MORRISTOWN Gloria Scott Johnson, who recently celebrated her 90th birthday at a ceremony at the Gateway Museum, is retiring from her role as town historian at the end of the year.
Born and raised in the village, Mrs. Johnson has served as historian for the past seven years and has enjoyed the post.
I get calls for genealogy research, she said. I do a lot of research for the museum, too.
Although Mrs. Johnson spent time in the suburbs of New York City and in Cleveland, Ohio, during the 1950s, 60s and 70s while her husband, Richard, worked in the newspaper industry, she said she never really lost touch with Morristown. I visited every summer, she said.
Mrs. Johnson said the town changed drastically over the years, with the railroad that used to cut through the village ending service in the late 1950s and the ferry that ran to Brockville across the St. Lawrence River halting service at about the same time.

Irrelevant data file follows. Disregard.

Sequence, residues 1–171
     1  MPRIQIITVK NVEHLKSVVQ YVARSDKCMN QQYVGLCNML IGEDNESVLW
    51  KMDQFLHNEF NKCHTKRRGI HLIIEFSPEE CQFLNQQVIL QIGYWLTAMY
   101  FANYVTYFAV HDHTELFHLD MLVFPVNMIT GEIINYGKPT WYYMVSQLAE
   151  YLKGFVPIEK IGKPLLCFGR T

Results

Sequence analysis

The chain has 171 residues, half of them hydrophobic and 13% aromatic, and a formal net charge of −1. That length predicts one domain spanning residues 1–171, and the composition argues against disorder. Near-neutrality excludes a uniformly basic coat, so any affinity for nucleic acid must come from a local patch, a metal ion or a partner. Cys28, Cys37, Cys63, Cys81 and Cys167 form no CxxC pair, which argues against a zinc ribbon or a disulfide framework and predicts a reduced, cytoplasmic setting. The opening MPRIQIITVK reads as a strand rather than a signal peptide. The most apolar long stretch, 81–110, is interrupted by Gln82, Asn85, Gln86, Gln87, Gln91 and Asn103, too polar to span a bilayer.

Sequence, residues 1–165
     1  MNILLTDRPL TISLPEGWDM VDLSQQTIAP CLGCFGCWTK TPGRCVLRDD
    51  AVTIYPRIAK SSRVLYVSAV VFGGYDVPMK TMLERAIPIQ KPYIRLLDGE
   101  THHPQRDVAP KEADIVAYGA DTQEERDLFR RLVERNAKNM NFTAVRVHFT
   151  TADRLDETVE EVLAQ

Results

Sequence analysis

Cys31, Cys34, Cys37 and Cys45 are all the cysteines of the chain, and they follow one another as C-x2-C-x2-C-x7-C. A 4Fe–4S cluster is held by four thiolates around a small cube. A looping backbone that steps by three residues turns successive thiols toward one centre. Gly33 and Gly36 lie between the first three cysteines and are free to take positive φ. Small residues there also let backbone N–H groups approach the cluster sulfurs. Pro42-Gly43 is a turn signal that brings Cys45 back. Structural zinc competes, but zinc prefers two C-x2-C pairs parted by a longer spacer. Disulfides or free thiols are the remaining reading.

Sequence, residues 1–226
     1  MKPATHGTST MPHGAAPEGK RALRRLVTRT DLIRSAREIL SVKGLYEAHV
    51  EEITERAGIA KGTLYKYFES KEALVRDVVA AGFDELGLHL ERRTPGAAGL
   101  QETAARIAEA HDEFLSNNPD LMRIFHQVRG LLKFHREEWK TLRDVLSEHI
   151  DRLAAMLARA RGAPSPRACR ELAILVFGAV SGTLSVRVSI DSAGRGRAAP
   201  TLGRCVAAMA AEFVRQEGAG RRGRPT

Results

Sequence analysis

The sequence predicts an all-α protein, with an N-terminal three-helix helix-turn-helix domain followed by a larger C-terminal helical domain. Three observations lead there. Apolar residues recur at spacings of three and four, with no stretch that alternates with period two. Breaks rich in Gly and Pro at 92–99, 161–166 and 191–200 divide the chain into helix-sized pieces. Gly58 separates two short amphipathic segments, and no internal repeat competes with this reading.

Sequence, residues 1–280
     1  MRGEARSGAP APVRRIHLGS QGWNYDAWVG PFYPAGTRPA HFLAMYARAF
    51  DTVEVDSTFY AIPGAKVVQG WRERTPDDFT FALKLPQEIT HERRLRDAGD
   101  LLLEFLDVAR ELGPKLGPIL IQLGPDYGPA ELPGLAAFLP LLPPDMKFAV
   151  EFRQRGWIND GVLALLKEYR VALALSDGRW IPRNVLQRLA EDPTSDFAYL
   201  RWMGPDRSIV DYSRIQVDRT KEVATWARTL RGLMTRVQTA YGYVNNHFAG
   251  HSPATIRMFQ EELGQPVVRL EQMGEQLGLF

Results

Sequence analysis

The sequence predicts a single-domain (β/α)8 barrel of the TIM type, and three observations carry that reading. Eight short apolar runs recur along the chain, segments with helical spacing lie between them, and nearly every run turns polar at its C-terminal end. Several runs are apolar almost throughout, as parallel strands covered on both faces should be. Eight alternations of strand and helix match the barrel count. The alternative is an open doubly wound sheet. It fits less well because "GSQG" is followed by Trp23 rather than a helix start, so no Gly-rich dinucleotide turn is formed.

Once those services ended, Mrs. Johnson said, just getting basic amenities became much more difficult for the residents of Morristown.
It still is a terrible inconvenience, she said.
Whoever takes over the role of town historian will have his work cut out for him or her, Mrs. Johnson said.
Most people are interested in town history only as it relates directly to them and their family, she said, and the next historian will spend a lot of time doing genealogy searches.
But she sees room for growth, particularly online.
The town is looking for someone to take over the historian position, which is appointed by the Town Council. Anyone interested should submit a letter to the town clerk at P.O. Box 240, Morristown, N.Y. 13664. People can also call the town clerks office at 375-6510.
The collection of newspaper clippings kept by the town historian, for instance, should be digitized and put on the Internet, Mrs. Johnson said.
The Internet has changed everyones lives drastically, she said. The older people just dont do it.